Nightbringer | The Arthurian Online Encyclopedia

Moel Arthur

Moel Arthur is a prominent hill and archeological site located in North Wales. An ancient hillfort is located on its summit, believed to date back to the Iron Age, making it over 2,000 years old.

According to legend, King Arthur’s Table was situated here. The hillfort might have been in use during the time period of Arthur. This hill is also a contender of being the site of the Battle of Camlann.

A legend states that there is an iron chest buried on the hill. The location is haunted by an unearthly ball of light, which sometimes appear to lead treasure hunters. When the site is reached, a violent storm will spring up and drive the raiders away.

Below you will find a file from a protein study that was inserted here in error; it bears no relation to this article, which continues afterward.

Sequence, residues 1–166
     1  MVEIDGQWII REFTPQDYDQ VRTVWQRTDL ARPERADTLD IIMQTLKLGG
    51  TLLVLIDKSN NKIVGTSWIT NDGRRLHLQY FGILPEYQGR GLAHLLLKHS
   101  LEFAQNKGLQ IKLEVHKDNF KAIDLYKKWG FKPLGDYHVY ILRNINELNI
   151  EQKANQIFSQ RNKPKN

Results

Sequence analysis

This hill is situated near Glyn Arthur. A survey of 1737 mentions Cist Arthur, a burial chamber, possbily thought to be Arthur’s last resting place.

Moel signifies a bald, conical hill (when used as a substantive). Dyn penfoel, a bald-headed man. In old times it was used as a surname – such as Howell, “the bald-headed.” Examples of names is Moylisker (in Westmoreland) which is a corrupted form of Moel-esgair, “bare ridge;” Malvern is a contradiction of Moel-y-fam, “hill of judgement.” The Irish form is moyle.

See also
Bwrdd Arthur | The Legend of King Arthur
Penbedw | The Legend of King Arthur